“The Internet provided opportunities for making faraway places very tangible and personal,” said Burrell.
“This thrill was evident in the most popular of Internet activities among youth — collecting pen pals.” Burrell observed young Ghanaians pursuing a variety of relationships with foreigners online, including same-aged platonic friendships, romantic relationships, older adults to appeal to for advice, patrons offering financial support, and even business partnerships.
New research by School of Information professor Jenna Burrell looks under the surface of Internet culture in Ghana, exploring why many of Ghana’s hopes went unrealized and how Ghanaians have responded.
Burrell’s book , based on seven years of ethnographic research in Ghana, is being released this week.
“And it certainly didn't have the public access facilities or Internet cafés that most Ghanaians needed.
For the youth of the West African nation of Ghana, a country on the margins of the global economy, the growth of the Internet in the 1990s was full of promise — the promise of sharing in the prosperity of the information age, and of forging meaningful connections with the rest of the world, politically, economically, and socially.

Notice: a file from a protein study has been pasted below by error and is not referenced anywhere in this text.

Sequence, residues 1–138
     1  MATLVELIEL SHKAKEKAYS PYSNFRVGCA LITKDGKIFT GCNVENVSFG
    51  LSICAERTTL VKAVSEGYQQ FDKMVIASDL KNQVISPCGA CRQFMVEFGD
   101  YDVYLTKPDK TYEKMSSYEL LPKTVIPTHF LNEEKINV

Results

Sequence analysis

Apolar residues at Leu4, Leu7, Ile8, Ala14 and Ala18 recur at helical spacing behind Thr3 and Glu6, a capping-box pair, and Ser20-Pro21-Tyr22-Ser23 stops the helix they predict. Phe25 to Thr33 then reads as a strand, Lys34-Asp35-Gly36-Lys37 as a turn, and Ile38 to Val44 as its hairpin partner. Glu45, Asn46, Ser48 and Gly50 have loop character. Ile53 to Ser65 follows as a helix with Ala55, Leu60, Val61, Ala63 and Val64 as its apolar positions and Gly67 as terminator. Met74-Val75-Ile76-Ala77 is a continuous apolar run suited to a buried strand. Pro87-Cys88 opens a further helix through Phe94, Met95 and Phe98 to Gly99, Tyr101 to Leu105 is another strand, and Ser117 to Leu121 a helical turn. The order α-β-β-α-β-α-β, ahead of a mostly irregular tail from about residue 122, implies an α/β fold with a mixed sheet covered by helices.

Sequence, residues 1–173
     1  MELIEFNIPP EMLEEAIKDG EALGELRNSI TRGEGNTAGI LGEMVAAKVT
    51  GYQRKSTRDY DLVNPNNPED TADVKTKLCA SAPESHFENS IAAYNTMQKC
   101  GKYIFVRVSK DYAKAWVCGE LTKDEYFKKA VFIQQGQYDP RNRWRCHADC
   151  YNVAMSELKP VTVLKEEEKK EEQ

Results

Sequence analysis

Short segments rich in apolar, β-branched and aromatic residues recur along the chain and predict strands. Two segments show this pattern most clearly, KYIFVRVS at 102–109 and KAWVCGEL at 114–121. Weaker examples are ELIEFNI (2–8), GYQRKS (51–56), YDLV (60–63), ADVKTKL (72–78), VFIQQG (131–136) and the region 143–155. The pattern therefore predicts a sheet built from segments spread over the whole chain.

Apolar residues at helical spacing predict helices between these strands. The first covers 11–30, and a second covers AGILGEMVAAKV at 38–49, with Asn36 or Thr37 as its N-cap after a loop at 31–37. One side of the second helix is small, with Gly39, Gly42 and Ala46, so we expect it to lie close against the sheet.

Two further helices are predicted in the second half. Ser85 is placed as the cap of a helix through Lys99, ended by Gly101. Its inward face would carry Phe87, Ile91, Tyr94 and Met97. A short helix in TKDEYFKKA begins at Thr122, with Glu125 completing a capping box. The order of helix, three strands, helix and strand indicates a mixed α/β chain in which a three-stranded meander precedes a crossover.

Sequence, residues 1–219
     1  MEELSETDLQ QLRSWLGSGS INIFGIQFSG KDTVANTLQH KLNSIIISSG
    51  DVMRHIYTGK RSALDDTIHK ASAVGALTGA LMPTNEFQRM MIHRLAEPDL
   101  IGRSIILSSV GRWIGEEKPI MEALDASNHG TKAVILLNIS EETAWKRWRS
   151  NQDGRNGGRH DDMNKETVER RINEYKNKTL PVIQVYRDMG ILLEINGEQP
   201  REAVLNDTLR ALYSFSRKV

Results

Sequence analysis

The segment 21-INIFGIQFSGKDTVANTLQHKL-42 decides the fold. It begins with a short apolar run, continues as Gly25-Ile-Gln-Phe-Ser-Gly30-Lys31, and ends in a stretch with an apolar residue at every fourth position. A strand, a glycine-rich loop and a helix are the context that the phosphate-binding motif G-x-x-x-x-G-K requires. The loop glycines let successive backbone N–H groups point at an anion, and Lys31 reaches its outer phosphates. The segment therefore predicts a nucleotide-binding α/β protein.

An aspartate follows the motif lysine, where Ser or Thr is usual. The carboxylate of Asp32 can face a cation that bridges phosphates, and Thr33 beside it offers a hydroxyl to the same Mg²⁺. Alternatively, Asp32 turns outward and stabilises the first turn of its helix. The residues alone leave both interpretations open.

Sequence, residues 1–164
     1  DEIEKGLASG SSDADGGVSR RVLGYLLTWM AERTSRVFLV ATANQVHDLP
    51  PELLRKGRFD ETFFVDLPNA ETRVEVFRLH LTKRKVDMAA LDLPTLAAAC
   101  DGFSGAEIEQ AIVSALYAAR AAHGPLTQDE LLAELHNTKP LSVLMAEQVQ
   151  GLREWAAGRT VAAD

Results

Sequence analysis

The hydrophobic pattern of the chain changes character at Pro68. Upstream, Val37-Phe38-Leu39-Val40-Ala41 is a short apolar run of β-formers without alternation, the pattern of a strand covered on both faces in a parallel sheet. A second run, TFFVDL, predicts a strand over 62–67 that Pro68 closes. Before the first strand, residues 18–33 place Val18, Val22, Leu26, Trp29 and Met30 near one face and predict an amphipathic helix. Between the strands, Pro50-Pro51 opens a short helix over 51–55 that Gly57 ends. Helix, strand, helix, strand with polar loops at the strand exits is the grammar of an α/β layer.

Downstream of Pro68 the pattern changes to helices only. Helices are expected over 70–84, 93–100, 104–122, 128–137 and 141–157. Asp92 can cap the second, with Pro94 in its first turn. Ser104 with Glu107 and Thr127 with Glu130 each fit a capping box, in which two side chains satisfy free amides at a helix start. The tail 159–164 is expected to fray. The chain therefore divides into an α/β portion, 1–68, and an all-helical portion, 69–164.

But when Internet connectivity finally arrived after the turn of the 21st century, many of these optimistic youth struggled to form connections with the foreigners they encountered online.
Burrell tells a story of a burgeoning online friendship between Fauzia, a young Ghanaian woman, and an Egyptian man.
While chatting online, Fauzia mentioned “ok, my phone is giving me problems and I will be very grateful if you could send me money to get a better phone or if you could send me a new phone.” After repeating the request, “I didn’t see him online again,” said Fauzia.
“He stopped chatting, he disappeared.” Although such a request might seem suspicious to a Westerner, “small transfers of funds between friends are a regular feature of relationships among youth in Accra,” explained Burrell.